When it comes to the Best Screenplay award for the Golden Globes, things run a bit differently. You'll notice that the Oscar's have two screenplay categories - one for original and one for adapted screenplay. However, the Globes focus mainly on original screenplays because, well, that's what they do. So here are my somewhat ridiculous predictions for the Best Screenplay award at this year's Golden Globes...
- Match Point - Woody Allen's film opened up with an amazing line that I cannot, for the life of me, get off my mind: "The man who said I'd rather be lucky than good saw deeply into life." If you haven't seen the film, then this line really makes no sense whatsoever. But afterwards, it leaves you thinking a million different thoughts, all of which leave you remembering the film over and over again. Although it's a great script, it drags at times and may be a bit too "conversational" to win the Globe.
- Good Night, and Good Luck -George Clooney's second directorial effort may in fact be his best, as Good Night, and Good Luck is nominated for everything this year. Story follows Edward R. Murrow and producer Fred Friendly's quest to expose one of the more controversial senators in American history, Joseph McCarthy. While the film is great, if Clooney and company are to win anything, it will be one of the bigger awards.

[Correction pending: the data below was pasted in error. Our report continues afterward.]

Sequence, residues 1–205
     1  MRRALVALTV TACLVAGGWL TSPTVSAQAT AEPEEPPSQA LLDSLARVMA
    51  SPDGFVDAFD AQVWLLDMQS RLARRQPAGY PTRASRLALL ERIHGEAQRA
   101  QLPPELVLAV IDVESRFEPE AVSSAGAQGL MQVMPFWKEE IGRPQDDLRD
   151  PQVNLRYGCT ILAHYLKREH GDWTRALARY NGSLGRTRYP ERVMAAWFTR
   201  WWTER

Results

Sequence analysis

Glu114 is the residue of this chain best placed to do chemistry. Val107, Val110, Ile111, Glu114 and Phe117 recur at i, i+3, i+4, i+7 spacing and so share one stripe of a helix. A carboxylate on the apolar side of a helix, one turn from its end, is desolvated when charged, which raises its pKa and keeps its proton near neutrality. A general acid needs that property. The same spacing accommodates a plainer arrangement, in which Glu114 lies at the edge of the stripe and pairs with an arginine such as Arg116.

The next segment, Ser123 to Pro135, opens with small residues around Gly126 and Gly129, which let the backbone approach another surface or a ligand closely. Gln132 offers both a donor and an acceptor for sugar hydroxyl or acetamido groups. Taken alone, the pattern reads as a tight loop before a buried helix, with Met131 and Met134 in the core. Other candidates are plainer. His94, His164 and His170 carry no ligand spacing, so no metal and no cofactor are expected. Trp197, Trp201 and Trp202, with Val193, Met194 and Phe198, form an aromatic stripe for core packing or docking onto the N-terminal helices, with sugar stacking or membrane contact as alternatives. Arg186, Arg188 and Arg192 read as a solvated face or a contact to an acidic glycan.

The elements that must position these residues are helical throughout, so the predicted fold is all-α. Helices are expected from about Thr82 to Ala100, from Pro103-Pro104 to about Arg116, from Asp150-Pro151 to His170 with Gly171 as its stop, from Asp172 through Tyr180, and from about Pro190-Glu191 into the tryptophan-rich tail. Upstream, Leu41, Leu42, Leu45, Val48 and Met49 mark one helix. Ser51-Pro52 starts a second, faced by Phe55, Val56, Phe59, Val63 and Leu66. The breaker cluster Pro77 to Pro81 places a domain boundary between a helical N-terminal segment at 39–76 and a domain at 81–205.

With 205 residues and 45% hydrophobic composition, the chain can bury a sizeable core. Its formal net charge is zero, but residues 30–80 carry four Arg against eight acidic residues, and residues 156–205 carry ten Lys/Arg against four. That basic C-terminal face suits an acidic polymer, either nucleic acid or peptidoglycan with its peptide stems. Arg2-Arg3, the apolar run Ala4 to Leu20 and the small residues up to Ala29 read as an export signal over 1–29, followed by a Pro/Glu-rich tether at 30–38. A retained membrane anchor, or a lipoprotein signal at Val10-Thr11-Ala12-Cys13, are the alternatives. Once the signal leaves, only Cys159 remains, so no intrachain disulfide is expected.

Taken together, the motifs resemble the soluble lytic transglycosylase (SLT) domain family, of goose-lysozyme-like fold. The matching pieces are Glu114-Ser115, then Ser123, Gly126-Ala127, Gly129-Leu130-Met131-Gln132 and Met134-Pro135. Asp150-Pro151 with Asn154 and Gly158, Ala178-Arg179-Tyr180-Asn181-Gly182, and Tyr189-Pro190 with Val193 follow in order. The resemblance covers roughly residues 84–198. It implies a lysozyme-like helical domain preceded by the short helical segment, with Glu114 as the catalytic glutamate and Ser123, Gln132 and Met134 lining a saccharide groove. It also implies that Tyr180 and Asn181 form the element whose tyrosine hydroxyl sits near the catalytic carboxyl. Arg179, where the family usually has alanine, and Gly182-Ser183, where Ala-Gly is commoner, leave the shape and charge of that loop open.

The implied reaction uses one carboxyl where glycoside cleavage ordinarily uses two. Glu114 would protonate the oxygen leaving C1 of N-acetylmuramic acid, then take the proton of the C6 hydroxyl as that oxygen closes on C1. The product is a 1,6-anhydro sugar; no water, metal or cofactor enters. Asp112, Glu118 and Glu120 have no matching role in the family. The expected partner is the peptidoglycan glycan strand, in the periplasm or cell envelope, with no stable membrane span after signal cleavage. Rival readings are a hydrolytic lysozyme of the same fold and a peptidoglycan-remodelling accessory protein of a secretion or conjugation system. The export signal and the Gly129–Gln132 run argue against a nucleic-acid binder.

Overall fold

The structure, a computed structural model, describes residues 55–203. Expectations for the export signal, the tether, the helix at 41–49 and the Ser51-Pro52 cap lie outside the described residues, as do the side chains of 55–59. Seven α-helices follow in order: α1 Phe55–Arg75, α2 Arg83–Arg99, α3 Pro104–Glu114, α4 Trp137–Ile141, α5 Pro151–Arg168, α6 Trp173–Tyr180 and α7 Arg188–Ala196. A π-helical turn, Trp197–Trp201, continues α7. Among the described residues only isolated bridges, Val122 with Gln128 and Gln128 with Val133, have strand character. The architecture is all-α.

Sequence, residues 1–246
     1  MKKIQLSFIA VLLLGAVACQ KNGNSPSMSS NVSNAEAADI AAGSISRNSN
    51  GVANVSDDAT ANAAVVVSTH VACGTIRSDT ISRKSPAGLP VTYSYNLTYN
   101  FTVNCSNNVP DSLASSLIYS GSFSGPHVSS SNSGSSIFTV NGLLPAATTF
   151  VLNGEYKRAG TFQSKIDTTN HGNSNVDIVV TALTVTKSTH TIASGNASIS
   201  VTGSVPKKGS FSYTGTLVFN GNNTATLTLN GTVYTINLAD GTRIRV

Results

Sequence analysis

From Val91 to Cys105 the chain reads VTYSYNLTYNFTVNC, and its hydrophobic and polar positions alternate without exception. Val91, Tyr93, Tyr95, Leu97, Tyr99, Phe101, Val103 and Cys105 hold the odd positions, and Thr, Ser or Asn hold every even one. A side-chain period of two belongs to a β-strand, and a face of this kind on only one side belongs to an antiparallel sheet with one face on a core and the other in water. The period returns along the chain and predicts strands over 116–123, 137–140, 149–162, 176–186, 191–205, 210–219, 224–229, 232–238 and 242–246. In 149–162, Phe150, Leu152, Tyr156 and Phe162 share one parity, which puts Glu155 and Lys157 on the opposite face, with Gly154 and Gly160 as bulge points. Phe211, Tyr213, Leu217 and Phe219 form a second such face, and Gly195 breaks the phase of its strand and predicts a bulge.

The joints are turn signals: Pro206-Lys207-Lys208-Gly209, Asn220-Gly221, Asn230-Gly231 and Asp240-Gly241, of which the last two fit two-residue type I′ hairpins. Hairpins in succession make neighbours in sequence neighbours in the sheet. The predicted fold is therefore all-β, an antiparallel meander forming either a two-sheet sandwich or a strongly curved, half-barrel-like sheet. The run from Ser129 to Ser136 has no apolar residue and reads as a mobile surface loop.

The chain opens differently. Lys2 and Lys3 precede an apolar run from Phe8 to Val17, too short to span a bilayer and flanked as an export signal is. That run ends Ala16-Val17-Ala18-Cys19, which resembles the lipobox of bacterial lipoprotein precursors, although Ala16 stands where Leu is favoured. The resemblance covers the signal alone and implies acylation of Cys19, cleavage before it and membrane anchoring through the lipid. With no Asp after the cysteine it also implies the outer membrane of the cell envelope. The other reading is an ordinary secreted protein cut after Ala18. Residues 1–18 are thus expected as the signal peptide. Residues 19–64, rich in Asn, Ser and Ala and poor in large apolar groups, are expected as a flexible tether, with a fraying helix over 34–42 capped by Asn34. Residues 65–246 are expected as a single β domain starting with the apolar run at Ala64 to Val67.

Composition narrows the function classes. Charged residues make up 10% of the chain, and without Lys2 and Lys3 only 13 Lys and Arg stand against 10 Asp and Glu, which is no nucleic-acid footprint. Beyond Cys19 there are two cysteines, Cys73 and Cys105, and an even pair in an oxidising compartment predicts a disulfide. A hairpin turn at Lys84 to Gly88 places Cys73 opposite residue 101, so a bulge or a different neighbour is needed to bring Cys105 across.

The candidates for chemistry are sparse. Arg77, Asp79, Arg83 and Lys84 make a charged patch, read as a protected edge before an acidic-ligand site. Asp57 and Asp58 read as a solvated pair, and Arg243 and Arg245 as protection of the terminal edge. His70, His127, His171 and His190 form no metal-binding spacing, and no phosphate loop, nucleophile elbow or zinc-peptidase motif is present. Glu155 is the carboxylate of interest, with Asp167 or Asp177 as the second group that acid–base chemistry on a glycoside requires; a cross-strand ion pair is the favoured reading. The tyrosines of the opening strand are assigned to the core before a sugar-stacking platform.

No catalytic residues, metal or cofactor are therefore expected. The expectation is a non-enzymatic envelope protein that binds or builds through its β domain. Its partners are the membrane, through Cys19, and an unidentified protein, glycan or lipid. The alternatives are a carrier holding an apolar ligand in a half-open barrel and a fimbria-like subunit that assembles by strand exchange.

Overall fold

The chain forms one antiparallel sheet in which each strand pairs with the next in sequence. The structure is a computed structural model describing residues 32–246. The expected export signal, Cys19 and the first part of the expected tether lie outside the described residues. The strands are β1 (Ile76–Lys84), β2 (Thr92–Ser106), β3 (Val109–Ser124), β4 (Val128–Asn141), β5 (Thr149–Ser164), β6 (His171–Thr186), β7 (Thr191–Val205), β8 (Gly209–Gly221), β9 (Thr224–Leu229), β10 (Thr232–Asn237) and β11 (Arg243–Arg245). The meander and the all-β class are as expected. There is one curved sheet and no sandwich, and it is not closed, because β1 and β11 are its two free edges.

- Crash - I think I loved Magnolia even more the second time around when they re-cast it and changed the title to Crash. How about you? Paul Haggis wrote and directed this film that follows a non-linear structure, while circling a bunch of characters connected through racial issues. Oh yeah, this one certainly does preach. However, it's somewhat compelling to watch the drama unfold. Okay, it's creative. Note I said creative, not different.
- Munich - Tony Kushner and Eric Roth wrote the script for Steven Spielberg's latest, the story of a group of assassins sent to knock off those believed to be invovled in the 1972 massacre of Israeli athletes at the Olympics. When I see Spielberg's name on a list of nominees, I somewhat feel he was thrown a bone this year. I don't think Munich will win a damn thing. What about you?
- Brokeback Mountain - Ah, the gay cowboy flick everyone keeps talking about. Brokeback Mountain is one of the more controversial films to appear at awards time in recent years. This one will have a ton of support coming from a variety of areas, but I'm not sure anyone has enough balls (excuse the pun) to actually give this one the gold. If it wins, it's going to win big. I'm talking Best Director and Best Picture big. It needs to win to make a statement. Best Screenplay doesn't make a statement. In fact, everyone will forget who won in this category immediately after a winner is chosen.
My Prediction to win:
- Crash - Look, the Golden Globes love to favor the creatively inventive films. While the others in this category are nominated in bigger, more important areas, Crash is hanging on to Best Screenplay like a teenage boy with his first porno mag. No brainer here - Crash to win.